113 po wer in order to increase the amount of error for any excitations above one and to decrease the error on any excitations below one. This control of the level of constraint can be applied to each error taking into account that each error is also squared in t he non linear least squares optimization algorithm. Numerical gradients were calculated using a user defined central finite difference algorithm. For faster calculations of these gradients, model calculations that are known not to change with the modificat ion of a single design variable were not re calculated and instead the cost function would use variables from the nominal cost function evaluation for that specific calculation. For example, if muscle strength is modified for one muscle, then all calculati ons for the other muscles are not necessary along with any calculations that precede the equations that involve the muscle strength. This can reduce the time for gradient calculation by 90%. Parallel processing of the design gradient calculation was also u sed to speed up these calculations by splitting up multiple design variable modifications into multiple local servers. To avoid issues with gradient based optimization rout ines being held at local minima, optimization s were restarted once for each step of the overall calibration routine This helped to ensure that the solution was not held in a local minima based on numerical gradients. Calibration of all model parameters and muscle excitations together created ill conditioned numerical gradient matrices a nd greatly increased the time taken per optimization step. To avoid this issue several modifications to the optimization scheme were made. The first step was to scale the design variables to ensure consistency of gradient magnitude between parameters and t o be certain that all design variables were between zero and one. P arameter calibration involved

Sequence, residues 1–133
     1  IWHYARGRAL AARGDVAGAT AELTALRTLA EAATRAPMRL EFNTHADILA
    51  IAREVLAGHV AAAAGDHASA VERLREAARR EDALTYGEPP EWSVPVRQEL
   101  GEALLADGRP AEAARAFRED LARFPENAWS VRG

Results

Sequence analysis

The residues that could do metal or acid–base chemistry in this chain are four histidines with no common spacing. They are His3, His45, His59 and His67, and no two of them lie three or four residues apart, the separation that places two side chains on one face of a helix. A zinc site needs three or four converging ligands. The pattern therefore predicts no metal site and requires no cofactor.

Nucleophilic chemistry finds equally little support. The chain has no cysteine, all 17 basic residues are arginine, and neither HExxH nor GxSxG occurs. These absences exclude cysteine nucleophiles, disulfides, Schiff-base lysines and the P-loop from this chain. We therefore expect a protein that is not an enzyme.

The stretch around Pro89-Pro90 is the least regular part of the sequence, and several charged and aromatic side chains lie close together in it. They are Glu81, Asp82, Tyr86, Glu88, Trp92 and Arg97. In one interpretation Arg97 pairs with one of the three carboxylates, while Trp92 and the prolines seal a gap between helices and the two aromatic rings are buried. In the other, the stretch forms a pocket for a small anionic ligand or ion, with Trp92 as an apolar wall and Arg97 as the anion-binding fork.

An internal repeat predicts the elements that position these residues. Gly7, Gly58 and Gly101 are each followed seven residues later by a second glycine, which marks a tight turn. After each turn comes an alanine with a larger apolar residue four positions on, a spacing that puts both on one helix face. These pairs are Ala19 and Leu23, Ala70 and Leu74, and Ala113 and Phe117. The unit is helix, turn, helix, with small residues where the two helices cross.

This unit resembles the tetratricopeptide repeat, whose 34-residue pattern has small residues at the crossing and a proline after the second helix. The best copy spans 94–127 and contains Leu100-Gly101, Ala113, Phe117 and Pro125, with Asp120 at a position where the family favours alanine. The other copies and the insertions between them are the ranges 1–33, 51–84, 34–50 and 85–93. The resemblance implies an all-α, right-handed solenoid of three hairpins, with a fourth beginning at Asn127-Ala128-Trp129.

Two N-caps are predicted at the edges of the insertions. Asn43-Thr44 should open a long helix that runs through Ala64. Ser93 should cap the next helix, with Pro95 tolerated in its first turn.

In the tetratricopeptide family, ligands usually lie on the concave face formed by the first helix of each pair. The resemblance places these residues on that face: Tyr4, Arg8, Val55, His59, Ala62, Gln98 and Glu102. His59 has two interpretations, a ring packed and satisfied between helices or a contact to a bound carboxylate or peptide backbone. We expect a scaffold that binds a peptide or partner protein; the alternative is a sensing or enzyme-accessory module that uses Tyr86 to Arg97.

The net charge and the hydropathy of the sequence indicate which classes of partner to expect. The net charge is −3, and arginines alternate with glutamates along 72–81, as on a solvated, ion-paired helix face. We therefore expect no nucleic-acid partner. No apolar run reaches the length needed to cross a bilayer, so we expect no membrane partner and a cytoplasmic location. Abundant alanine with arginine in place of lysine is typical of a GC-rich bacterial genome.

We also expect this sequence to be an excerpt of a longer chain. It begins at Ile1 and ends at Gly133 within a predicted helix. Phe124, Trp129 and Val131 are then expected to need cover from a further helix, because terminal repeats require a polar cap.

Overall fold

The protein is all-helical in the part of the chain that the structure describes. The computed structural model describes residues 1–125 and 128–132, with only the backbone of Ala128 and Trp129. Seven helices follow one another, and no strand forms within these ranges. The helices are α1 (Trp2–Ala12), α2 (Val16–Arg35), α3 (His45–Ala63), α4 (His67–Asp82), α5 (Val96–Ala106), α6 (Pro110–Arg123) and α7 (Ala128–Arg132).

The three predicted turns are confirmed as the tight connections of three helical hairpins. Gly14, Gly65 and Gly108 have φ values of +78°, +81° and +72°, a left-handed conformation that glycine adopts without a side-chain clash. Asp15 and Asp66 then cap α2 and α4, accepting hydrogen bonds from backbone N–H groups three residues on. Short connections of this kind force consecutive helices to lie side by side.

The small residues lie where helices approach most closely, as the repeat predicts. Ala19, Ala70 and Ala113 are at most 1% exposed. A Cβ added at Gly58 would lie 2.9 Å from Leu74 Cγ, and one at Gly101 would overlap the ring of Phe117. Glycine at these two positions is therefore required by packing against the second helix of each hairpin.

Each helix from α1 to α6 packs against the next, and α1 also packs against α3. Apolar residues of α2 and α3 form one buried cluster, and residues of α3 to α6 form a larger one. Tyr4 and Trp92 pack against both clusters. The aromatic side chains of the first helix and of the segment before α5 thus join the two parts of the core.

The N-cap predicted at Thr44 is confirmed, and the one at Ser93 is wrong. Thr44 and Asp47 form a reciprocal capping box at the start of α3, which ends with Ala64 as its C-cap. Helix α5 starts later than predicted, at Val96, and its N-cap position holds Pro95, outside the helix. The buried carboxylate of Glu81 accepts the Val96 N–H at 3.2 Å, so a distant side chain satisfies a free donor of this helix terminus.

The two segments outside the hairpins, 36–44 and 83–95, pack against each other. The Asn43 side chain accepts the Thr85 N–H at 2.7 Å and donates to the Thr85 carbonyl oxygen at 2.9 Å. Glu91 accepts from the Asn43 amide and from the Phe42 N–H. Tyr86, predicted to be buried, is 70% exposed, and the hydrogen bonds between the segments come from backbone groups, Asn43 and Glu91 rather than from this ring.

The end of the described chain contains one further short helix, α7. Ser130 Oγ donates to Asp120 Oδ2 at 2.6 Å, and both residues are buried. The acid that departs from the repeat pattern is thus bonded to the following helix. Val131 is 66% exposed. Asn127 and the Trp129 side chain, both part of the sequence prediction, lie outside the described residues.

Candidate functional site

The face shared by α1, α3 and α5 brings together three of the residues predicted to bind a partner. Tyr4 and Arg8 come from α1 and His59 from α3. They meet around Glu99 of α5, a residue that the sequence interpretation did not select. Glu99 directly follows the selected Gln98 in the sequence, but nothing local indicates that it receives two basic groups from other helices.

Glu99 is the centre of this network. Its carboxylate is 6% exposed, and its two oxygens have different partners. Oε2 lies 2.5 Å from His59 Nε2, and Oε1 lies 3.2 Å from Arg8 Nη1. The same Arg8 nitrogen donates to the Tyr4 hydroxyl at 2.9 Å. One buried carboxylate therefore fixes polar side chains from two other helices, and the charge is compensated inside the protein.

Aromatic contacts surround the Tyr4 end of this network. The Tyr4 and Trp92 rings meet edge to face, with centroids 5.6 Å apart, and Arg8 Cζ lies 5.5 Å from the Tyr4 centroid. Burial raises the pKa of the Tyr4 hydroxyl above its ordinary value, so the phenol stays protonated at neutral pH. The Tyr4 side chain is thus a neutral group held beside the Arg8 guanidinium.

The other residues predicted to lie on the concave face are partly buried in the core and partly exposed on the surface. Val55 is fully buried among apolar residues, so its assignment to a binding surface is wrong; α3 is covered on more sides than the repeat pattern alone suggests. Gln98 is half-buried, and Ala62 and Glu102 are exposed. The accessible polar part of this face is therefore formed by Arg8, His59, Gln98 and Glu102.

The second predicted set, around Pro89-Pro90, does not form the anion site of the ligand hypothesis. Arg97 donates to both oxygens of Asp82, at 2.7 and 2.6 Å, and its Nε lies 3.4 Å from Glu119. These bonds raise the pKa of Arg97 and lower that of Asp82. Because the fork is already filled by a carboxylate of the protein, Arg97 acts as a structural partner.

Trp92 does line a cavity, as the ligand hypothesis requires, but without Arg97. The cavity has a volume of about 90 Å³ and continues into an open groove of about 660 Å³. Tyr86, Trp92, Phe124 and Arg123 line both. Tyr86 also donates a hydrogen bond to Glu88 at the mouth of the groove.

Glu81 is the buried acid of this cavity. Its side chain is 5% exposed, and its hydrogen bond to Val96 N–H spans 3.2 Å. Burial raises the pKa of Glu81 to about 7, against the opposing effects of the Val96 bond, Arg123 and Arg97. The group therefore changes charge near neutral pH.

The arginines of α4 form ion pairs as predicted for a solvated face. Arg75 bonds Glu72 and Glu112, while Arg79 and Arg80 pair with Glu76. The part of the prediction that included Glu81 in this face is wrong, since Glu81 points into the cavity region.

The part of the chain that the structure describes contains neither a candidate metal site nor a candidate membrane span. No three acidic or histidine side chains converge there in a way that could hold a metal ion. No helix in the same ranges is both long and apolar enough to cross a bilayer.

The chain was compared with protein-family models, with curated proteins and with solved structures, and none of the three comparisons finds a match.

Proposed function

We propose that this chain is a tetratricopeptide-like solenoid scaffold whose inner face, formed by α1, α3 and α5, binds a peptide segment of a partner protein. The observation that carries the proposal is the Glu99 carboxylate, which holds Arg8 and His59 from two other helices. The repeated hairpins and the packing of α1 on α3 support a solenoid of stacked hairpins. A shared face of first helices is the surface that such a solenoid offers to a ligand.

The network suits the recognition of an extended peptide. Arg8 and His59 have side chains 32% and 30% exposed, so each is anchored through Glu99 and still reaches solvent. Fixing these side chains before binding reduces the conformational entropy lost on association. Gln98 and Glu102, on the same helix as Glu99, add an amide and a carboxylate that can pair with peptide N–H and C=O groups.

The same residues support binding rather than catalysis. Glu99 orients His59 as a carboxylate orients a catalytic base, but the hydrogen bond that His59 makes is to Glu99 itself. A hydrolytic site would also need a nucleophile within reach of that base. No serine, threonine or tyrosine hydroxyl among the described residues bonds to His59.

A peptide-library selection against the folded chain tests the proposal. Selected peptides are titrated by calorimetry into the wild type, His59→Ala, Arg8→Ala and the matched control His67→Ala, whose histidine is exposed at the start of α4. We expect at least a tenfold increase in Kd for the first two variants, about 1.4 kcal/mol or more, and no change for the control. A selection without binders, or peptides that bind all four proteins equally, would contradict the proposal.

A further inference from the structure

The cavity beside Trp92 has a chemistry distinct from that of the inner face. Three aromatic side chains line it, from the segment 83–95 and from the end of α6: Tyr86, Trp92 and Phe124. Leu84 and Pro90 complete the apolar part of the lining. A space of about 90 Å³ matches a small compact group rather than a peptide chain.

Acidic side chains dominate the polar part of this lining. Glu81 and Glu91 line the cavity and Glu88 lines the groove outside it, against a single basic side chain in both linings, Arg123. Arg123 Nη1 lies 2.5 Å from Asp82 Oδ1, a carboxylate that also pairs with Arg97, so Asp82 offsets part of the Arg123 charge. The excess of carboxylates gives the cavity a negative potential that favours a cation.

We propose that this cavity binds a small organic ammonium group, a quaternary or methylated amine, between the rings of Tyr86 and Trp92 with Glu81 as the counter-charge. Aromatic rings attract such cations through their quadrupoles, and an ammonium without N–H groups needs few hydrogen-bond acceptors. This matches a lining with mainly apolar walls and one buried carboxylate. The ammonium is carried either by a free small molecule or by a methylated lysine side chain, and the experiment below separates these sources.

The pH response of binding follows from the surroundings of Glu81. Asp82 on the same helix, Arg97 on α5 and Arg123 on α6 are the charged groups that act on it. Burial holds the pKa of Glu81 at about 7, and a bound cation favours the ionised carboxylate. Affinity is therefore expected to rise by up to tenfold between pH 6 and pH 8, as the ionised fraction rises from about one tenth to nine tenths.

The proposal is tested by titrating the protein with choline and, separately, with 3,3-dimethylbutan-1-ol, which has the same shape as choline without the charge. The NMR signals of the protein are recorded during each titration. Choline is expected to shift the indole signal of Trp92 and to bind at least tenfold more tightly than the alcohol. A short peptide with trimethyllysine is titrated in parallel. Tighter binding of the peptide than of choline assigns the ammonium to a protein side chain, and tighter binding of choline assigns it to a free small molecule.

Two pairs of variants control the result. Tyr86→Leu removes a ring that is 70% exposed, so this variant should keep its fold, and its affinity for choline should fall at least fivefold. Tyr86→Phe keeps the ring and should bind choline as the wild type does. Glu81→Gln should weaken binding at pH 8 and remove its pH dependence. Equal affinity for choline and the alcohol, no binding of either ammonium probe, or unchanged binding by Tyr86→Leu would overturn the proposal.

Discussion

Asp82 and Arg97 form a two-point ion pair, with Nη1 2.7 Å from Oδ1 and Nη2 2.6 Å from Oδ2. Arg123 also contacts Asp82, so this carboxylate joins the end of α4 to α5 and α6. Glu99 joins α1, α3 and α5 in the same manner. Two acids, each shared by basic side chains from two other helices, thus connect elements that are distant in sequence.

114 optimization of a large number of unknown design parameters, and initial optimization test s with all model parameters included as design variables simultaneous ly failed to converge well This was avoided by careful manipulation of the initial guesses for model parameters and muscle excitations, along with an optimization scheme that gradually changes the design variables Initial optimizations for each model tes ting optimized all design variables simultaneously, but also included error terms representing changes in the design variables from the initial guess. After a limited amount of optimization iterations, the optimization was stopped and a calibration and adj ustment process was begun. The calibration and adjustment process began by calibrating each parameter separately with optimization The minimization of changes in design variables was also performed for these individual parameter optimizations to avoid lar ge changes in parameters which could be deleterious to the overall convergence of the optimization problem by setting the solution in a bad local minimum This is similar to the o ptimization method of simulated annealing with slow cooling r ates. After indi vidual parameter calibrations, the first study performed optimizations of each combination of two model parameters, while in the second study this was replaced by every combination of one model parameter with the parameters to adjust excitation shapes. Aft er these combined parameter calibrations a sequence of adjustments through optimization was performed twice sequentially which i ncluded, in order, the modification of 1) all model parameters simultaneously 2) muscle contributions to net loads and 3) mus cle excitation patterns and gains. This entire calibration and adjustment process was then repeated until iterations did not decrease the overall net loads by more than one percent. When parameters did not calibration, and only excitation patterns were